December 8, 2020

New York Movie Awards Review of Used and Borrowed Time

Experienced author and director Sophia Romma told us a very contemporary and touching story in her experimental feature film USED AND BORROWED TIME.

The story is about Eva Gold’s life  (present and past) and about her journey in a racist reality that persecuted her whole life, especially her love story with an African American guy when she was a teenager, in the segregation laws period.

We meet Eva in a market in Birmingham, Alabama the day after Halloween night. She moves around the vendors’ stands, she meets Gypsy and Romani fortune tellers (Sophia Romma portrays the Gypsy one), an amazing orchestra, candies, masked people, animals. Everything reminds of a fairy tale world. But then, as soon as she approaches one of the vendors, reality comes back, showing a still racist world. Some against Chinese economic growth, some still against Jews (Eva Gold is a blind, Jew actress).

During her conversion with a bakery vendor at the market,  Eva gets projected to her past, where she suddenly finds herself between a kissing couple: on the left, Eva herself, younger, and on the right her boyfriend, a poetic African American civil rights advocate. So we meet here the young Eva Gold, that will be uncharged to show us her past.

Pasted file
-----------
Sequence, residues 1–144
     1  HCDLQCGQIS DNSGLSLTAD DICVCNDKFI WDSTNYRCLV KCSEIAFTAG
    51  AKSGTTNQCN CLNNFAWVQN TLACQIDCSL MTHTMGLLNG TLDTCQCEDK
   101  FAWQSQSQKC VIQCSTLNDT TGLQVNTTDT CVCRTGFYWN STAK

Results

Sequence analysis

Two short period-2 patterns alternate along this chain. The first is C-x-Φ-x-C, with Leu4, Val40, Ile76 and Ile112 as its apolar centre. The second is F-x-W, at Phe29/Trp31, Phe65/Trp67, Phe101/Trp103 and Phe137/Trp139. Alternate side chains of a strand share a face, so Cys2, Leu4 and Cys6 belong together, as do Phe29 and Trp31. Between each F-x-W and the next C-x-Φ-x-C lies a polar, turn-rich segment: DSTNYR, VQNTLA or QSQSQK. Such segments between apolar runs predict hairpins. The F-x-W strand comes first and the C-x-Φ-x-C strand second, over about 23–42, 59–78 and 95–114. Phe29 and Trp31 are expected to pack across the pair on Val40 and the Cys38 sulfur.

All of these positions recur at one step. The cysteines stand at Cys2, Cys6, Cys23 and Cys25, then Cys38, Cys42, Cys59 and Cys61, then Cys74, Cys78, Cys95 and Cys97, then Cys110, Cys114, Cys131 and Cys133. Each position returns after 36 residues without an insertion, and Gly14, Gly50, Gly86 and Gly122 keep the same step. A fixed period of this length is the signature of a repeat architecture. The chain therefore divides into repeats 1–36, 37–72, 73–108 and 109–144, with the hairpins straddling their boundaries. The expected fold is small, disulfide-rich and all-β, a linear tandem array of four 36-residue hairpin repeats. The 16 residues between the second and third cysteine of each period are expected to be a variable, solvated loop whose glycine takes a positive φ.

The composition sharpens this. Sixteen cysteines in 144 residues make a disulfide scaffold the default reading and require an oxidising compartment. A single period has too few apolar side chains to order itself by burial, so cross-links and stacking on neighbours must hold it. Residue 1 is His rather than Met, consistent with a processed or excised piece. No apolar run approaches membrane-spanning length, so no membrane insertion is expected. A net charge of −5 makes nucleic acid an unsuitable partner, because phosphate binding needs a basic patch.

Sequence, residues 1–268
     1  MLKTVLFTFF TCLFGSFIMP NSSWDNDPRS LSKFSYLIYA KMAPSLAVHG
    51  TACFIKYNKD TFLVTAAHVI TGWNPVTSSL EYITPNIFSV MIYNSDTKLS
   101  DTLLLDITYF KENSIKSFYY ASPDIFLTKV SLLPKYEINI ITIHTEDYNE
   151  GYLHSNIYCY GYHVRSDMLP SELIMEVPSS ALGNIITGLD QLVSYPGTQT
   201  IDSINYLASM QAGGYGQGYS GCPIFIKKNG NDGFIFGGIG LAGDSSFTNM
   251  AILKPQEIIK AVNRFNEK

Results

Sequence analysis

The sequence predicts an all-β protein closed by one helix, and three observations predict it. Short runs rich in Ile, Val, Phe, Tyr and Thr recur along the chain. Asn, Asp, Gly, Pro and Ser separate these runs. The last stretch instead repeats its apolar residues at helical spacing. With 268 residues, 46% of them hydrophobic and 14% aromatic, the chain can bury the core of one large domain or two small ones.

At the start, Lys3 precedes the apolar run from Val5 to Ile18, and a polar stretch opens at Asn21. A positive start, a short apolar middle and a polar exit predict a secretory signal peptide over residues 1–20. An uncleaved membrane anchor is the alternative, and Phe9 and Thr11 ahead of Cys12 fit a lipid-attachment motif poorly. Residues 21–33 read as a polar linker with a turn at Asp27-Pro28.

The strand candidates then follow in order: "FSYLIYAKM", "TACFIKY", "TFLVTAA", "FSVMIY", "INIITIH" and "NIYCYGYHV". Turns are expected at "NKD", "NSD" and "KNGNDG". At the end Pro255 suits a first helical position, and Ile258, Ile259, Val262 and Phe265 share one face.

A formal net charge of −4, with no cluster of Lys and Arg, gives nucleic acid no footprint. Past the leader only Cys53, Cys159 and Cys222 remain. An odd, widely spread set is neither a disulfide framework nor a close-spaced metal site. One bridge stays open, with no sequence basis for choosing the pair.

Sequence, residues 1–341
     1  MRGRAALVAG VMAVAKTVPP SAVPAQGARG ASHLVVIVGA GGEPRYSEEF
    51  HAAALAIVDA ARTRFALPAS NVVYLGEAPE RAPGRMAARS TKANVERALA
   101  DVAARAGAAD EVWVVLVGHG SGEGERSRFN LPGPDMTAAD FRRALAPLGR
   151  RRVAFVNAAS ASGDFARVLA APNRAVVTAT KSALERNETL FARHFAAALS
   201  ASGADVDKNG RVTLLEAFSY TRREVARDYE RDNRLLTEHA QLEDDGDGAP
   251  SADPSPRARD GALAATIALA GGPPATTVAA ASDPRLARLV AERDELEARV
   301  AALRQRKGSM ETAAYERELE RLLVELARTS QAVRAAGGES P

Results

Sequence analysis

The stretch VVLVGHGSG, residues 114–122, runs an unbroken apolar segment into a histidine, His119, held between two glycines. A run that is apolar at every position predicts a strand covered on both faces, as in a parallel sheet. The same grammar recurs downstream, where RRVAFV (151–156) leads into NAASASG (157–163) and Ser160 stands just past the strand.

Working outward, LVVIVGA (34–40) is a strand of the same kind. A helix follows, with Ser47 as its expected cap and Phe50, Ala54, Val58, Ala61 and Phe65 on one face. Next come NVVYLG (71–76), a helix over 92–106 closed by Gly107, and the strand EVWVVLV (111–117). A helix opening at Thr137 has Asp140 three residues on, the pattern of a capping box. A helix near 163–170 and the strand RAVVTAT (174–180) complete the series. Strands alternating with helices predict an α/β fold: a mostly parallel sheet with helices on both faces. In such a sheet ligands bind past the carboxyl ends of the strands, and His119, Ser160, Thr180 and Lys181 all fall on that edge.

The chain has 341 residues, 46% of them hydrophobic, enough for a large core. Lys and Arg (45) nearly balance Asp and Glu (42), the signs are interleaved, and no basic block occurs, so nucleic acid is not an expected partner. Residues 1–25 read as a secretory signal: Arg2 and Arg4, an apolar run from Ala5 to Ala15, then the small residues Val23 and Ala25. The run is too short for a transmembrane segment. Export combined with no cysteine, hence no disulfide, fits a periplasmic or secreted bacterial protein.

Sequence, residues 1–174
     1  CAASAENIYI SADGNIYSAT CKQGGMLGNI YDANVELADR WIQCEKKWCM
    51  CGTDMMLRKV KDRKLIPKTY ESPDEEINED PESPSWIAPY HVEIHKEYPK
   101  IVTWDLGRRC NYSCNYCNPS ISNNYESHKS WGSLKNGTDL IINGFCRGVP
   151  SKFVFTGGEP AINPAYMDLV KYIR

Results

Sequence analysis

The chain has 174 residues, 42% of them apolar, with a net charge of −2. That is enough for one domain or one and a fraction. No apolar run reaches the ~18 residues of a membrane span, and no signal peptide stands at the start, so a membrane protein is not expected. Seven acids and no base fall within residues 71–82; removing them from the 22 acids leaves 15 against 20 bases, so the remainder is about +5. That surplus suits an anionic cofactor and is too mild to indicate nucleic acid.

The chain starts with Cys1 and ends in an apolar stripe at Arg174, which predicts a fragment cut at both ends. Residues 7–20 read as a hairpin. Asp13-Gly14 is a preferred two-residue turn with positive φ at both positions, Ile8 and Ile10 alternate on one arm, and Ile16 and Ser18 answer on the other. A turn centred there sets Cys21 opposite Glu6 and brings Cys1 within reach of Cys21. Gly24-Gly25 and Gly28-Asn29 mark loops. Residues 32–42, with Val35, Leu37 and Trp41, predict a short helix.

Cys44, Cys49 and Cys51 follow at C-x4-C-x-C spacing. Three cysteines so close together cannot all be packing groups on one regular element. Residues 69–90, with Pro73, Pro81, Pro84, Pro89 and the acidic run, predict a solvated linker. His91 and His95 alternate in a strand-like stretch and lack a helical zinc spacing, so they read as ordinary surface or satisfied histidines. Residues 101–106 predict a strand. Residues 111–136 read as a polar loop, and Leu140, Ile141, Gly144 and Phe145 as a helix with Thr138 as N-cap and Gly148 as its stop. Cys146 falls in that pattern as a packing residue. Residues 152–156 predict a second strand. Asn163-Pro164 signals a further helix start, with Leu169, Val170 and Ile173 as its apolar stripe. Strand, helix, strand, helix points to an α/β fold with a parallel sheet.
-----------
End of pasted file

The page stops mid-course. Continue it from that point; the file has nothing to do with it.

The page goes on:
The antagonist character is assigned to an unprincipled white suprematist family Woods, awfully racist. Romma doesn’t fear shocking the audience and without polishing any word of the dialogues she delivers a strongly harsh reality full of racism and hate.

The movie is very long (3 hours and 36 minutes) and it’s divided into two parts. The second one looks faster, maybe because of the plot that gets more and more interesting until it reaches a climax that really gets the audience shocked. Especially if you stop and think that what Romma is showing is nothing but something that not only really happened (the movie is inspired by true events indeed) but it’s something that it’s still happening in our current world, under our noses.

Great soundtrack and original music by the orchestra led by Queen Ilise and Gabriel Lawson (the last song I Found You is really impressive). Great costume and set designers. Good acting, especially Emily Seibert and Cam Kornman (young and old Eva Gold), Clas Dunkan (Steadroy), and Grant Morentz (Wade Woods). Congratulations!

https://newyorkmovieawards.com/reviews#4c18462d-ed40-4154-8837-07670cc3d69b

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